Excavating African Queer Histories from A Ugandan Location

Given Uganda’s recent criminalization of the production and distribution of knowledge about homosexuality, what are the possibilities of generating, curating, and sharing any bodies of queer knowledge from this national context? How is it possible to locate, situate, excavate, extricate, and explicate queer histories from contexts in which the very act of queer knowledge production is criminalized and severely penalized? Drawing from Zanele Muholi’s (2015) conceptual distinction between “visual art” and “visual activism”, I advance the idea that continuing to generate creative, critical, scholarly, and journalistic forms of queer knowledge from criminalizing contexts (including Uganda), is a matter of urgent resistance against homophobic attacks threatening to shut down academic freedom, free expression, and artistic license. Practically enacting this political program of queer dissidence, I sample, present, and analyze photographic collections of five photographers (David Robinson, Frederic Noy, Keiji Fujimoto, Sumy Sadurni, and Delovie Kwagala) who represented diverse Ugandan LGBTIQA+ individuals and communities.
What Is the Place of LGBTQIA+ Memories in Brazilian Society?

Throughout history, LGBTQIA+ people have had their memories made invisible, ensuring them the right not to have rights. We will reflect on the processes of invisibilization and erasure of non-normative individuals in museums and memory spaces and how this enables prejudice and violence. We want to present some community strategies developed by the Brazilian LGBTQIA+ community. Finally, this talk will discuss the limits and potential of dissident memories in Brazil.

Mediation: André Mesquita, Curator, MASP


The project, with its modalities of collaborating and creating along with the people from the transgender community, ensures to excavate the wisdom they have inculcated over the years. By diving deep into their culture and traditional practices, the project examines their spaces of innovation and the places of their history, and creates new spaces by transforming this knowledge into art. By bringing the nuances of trans lives, narratives, and lived experiences to the forefront of their fight, we aim to embrace the people from the transgender community by creating consciousness, awareness, and social participation through the arts.
A Hong Kong artist, began her career working behind the scenes doing sound mixing and creating photo collages. She later started making art with Super 8 and Video 8 while working in the field of medical imaging. Pau co-founded Videotage, an independent artist collective, in 1986, and the Microwave New Media Art Festival in 1996. Her work explores themes of gender and identity. She received an ACC award in 1992 and represented Hong Kong at the Venice Biennale in 2001. One of her notable LGBTQ works, Song of the Goddess, explored the lives of classical Cantonese opera singers. She was a jury member at the Hong Kong Lesbian & Gay Film Festival.
Chilean visual artist, essayist, and sexual dissident activist. He holds a Ph.D. in Art from the Universitat Politècnica de Valencia. His work emerges from the intersection between queer criticism, archives, and the Global South’s technologies. His works belong to public and private collections such as the Museo Reina Sofía (Spain), the 21c Museum (USA), the Fundación AMA (Chile), and the MAC de Chile, among others. He is co-founder of the Colectivo Universitario de Disidencia Sexual, CUDS (2002-2019) and author of the book Internet, mon amour: infecciones queer/cuir entre lo digital y lo material (Écfrasis Ediciones, 2019).
Professor of Performance Studies and Asian American Studies at Northwestern University and author of two award-winning books: After the Party: A Manifesto for Queer of Color Life and A Race So Different: Law and Performance in Asian America; co-editor of José Esteban Muñoz’s The Sense of Brown, with Tavia Nyong’o, and of Frances Ya-Chu Cowhig’s China Trilogy: Three Parables of Global Capital, with Christine Mok; and co-editor of the NYU Press’ Sexual Cultures series with Tavia Nyong’o and Ann Pellegrini. Chambers-Letson currently works on a monograph about the art of queer love and loss and is presently the 2022-2023 Thinker in Residence with the Felix Gonzalez-Torres Foundation.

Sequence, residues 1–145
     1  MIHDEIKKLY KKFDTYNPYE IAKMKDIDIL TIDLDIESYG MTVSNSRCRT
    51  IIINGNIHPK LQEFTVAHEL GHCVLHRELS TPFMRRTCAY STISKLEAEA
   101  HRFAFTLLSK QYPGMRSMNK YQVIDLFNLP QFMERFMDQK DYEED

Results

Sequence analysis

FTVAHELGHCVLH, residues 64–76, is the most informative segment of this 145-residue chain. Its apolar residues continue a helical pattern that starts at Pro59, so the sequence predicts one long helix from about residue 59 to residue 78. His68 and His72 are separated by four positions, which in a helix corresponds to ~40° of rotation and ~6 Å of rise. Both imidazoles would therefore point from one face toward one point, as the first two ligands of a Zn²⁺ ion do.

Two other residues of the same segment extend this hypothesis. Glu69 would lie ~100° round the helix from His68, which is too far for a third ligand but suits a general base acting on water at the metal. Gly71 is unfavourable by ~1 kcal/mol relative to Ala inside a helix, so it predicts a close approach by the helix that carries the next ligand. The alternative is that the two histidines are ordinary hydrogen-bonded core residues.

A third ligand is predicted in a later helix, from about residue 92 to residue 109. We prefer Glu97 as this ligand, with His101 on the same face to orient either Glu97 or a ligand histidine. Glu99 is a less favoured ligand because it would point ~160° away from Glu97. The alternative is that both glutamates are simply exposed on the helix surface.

A multidisciplinary artist who produces and creates performances, photo-performances, video art, photographs, paintings, drawings, and objects. She holds a bachelor’s degree in Visual Arts from the Universidad Nacional de Cuyo and has trained in a non-institutional level with artists of her interest. She was part of the Artists Program at Universidad Torcuato Di Tella (2018), the Arte Foco program at Museo Marco (2018), the Laboratorio de Acción at Complejo Teatral Buenos Aires (2019). She has took part in group and solo exhibitions, including La Marca Original, Esercizi del Pianto, SLAVE, Eros Risin and, most recently, the solo show Pap Art at the Kunsthalle Lissabon in Portugal. She has received awards such as Banco Ciudad 2022 and was chosen Artist of the Year 2023 by Deutsche Bank.
A scholarship-holder of the Writers-in-Exile program of PEN Zentrum Deutschland, and associate of NRF/SARChI Chair of African Feminist Imagination at Nelson Mandela University’s Centre for Women and Gender Studies. She obtained a Ph.D. from the London School of Hygiene and Tropical Medicine, an MSc. in Medical Anthropology from University College London, and a BA in Mass Communication and Literature from Makerere University. In her research, she specializes in Queer African Studies, African Feminism, Dissidence Studies, and sexual and reproductive health rights. She is also a poet, activist, and politician belonging to Uganda’s opposition political party, called Forum for Democratic Change.
Museologist and psychoanalyst. He holds a Ph.D. in Communication (2022), a Master’s degree in Anthropology (2017), and a Bachelor’s degree in Museology (2015); he also specializes in Cultural Management (2019) and Psychoanalysis (2023). Since 2011, he has taken part in and developed teaching, research, and extension projects related to vulnerable Brazilian populations. He is the editor of Memórias LGBTQIA+ magazine and coordinator of the Rede LGBTQIA+ de Memória e Museologia Social.
He studied architecture at the Bauhaus University in Weimar, Germany. He then worked as a research assistant at the German Architecture Museum (DAM) in Frankfurt, Germany. From 2008 to 2017, he was editor, and from 2017 to 2020, deputy editor-in-chief of the German architecture journal AIT. In 2015, he received his Ph.D. in architectural history and historic preservation. Currently, he teaches at both the University of Applied Sciences in Stuttgart, Germany, and the Academy of Fine Arts in Munich, Germany. He researches and publishes on 19th and 20th-century architecture, as well as on topics of queer architecture.
Zethu Matebeni is the South Africa Research Chair in Sexualities, Genders, and Queer Studies at the University of Fort Hare. Zethu has significantly contributed to the development of African queer studies through numerous published volumes, essays, articles, poetry, films, and exhibitions.